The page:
• 2003 John Detisch initiated the annual summer concerts titled Music on the Mon. Concerts were held on the Wharf and on the grounds of the Nemacolin Castle. 2013 Alumni Assn assumed this project and increased the concerts to once a week during the summer.
  • 2004 Brownsville became a member of the Blueprint Communities 
  • 2004 Governor Rendell came to town, initiated the BRIGHT program, and awarded a two million dollar grant to take the 28 downtown properties by eminent domain and to stabilize the buildings.
  • 2005 a partnership began with Communities in Schools to develop alternative education through a Computer Technology educational program for the youth of Brownsville High School. This program ended in 2014.
  • 2005 The Odd Fellow building was purchased with a grant and currently houses an attorney’s office and a home health service on the main floor. The second-floor needs renovations for commercial space and the third floor houses the Organ from the Plaza Theater.
  • 2006 BARC purchased 25 Market and 27 Market (titled Keystone project) from Mrs. Rita Bates.  The main floor and second floor (25 Market) were renovated; the main floor for commercial use and the second level for residential.  The top floor with sun windows needs to be renovated.  
  • 2008 BARC partnered with the BASD environmental club and Izaak Walton League to help keep the town clean. 
  • 2008 BARC partnered with Healthy Steps of Fayette County to guide a tour each summer of the town’s sites.
  • 2009 The Mon Ducky Race on the wharf was introduced.  The goal is to sell 1000 ducks that get dumped in the river to flow to the wharf for multiple winners.  BARC currently co-sponsors this annual event with the Northside Fire Dept.  
  • 2010 The Rose block of buildings was donated to BARC by the Rose Heirs with the covenant to establish a Bed and Breakfast in the Rose Mansion. The duplex and garage are currently rented as income for the organization.
  • 2012 BARC partnered with Douglas Business school to have a Mural about the steamboat Enterprise displayed on the wall leading to the Wharf.  This boat, built in Brownsville, was the first steamboat to travel to Louisiana and return on its own power.  Henry Shreve, the captain from Brownsville, later had a town named in his honor, Shreveport, LA. 
  • 2012 Partnered with Rivertown Program who encouraged application for River of the Year designation.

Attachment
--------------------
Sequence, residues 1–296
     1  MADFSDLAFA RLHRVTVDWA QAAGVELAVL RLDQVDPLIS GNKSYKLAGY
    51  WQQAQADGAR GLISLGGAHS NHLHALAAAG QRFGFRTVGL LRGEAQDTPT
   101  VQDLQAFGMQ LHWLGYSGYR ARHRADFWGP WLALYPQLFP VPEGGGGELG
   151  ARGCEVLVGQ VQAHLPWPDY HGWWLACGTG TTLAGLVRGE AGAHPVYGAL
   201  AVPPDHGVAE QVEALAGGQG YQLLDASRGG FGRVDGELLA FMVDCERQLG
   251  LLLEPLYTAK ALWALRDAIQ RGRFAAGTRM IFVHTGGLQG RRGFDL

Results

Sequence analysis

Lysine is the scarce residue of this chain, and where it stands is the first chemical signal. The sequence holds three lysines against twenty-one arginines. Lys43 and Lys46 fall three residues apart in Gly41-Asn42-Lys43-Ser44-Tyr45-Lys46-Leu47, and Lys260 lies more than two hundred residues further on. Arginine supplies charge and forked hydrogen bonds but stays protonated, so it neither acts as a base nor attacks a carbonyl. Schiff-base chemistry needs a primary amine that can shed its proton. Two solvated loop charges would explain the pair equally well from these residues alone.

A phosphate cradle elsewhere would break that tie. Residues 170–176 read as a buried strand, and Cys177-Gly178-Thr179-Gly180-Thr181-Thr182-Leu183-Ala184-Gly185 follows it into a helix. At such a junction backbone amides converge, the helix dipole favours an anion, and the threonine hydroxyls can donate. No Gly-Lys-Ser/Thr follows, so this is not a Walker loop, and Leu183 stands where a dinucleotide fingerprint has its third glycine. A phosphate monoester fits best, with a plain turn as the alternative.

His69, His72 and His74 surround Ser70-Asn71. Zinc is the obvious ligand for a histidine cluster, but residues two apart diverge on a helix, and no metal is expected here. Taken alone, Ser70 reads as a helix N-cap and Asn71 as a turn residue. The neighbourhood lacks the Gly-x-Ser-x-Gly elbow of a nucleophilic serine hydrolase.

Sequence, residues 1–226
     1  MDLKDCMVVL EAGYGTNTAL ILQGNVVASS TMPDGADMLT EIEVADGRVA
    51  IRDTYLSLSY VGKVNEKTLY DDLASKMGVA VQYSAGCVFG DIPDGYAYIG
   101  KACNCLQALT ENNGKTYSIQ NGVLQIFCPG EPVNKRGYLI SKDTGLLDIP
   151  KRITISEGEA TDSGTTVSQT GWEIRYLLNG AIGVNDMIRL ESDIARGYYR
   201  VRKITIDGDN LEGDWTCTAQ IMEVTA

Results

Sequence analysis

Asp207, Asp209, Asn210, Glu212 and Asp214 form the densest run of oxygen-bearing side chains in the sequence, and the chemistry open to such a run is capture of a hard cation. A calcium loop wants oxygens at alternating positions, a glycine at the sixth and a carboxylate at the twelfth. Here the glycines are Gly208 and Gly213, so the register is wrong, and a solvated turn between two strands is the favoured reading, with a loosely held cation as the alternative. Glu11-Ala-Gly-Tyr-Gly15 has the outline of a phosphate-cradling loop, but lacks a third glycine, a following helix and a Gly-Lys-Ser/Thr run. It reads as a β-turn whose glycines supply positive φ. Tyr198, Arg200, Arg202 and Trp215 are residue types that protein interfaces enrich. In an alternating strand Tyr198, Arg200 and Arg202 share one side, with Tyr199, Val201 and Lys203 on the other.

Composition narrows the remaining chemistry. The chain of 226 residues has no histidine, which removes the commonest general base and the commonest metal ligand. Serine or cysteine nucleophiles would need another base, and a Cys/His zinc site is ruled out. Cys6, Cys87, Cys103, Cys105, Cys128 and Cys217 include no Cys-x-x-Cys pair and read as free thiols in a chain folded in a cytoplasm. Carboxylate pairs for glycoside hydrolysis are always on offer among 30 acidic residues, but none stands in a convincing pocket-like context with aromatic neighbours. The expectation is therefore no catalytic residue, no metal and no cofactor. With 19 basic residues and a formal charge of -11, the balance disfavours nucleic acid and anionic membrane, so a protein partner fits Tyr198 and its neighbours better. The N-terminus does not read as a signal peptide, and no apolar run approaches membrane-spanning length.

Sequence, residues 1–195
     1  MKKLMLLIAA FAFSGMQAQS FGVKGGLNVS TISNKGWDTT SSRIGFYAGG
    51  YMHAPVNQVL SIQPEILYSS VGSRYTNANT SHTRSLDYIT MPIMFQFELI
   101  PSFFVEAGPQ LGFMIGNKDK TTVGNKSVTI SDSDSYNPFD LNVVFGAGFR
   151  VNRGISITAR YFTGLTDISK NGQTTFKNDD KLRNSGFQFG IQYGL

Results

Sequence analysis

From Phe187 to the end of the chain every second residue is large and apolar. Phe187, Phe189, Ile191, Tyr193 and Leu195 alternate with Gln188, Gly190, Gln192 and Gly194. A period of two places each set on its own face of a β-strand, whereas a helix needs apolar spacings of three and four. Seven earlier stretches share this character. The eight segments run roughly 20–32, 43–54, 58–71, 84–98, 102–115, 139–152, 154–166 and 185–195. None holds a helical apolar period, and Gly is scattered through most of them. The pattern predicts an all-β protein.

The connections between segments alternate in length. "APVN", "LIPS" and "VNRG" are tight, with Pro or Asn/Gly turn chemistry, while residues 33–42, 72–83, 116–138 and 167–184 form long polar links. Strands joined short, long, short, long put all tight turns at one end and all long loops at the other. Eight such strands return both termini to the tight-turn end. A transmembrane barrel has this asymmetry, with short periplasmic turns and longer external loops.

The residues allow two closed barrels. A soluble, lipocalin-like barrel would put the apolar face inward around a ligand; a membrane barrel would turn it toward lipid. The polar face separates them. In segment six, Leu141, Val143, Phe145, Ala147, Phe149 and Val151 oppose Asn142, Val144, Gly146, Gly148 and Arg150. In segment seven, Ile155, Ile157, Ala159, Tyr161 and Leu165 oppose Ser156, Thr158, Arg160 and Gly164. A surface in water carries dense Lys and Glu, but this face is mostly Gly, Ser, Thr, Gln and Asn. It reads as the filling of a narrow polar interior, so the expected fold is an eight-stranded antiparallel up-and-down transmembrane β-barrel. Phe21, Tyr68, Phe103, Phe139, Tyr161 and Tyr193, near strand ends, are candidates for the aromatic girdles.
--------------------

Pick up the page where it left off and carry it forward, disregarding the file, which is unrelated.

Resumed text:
• 2013 The Monongahela River was awarded the ‘PA River of the Year’ with a grant to promote the communities along the river with a map-brochure.  
  • 2013 The building, located at 29 Market Street, was donated to BARC to stabilize and prepare for commercial tenants.
  • 2013 The awning on the Flatiron building was purchased with donations in honor of Loretta Filchock who devoted many volunteer hours to BARC as the volunteer coordinator.  She had over 90 volunteers when she was the chair. 
  • The Sojourn on the Mon, initiated by the AmeriCorp participants is currently a partnership with Belle Vernon Community for an annual race on the Mon from Brownsville to Belle Vernon.
  • BARC partnered with Pittsburgh Council of the Arts to produce the current mural on the American Legion building downtown parking lot depicting the first cast iron bridge in America.  The mural was completed by inmates through the SCI Fayette art program.
  • 2015 Jacob Bohna achieved his eagle scout award by restoring original finials from a Steamboat that traveled on the Monongahela River in memory of his historian Grandmother Margaret Johnson
  • 2008 Brownsville Family Pharmacy moved into 25 Market Street.  BARC was able to encourage the Brownsville Family Pharmacy to open a pharmacy, having lost the service of a pharmacy when Eckerd left the town.  As the business expanded and employees increased to 14, the pharmacy moved to 27 Market Street in 2016.

We hope BARC has helped to make it possible for locals and visitors to enjoy our Historic town of Brownsville as a great place to visit and live in this rural setting on the National Road along the beautiful Monongahela River

BARC’s goal to help bring life to the town as shown above.  It is the desire of the board to sell the renovated commercial/residential properties to private owners to build a sustainable future for generations to come.  Please stop by the Flatiron building at 69 Market to enjoy our two museums and visit our gift shop. BARC offices are located in the Flatiron building.  

Feel free to contact BARC  724-785-9331. Visit us on facebook for current activities.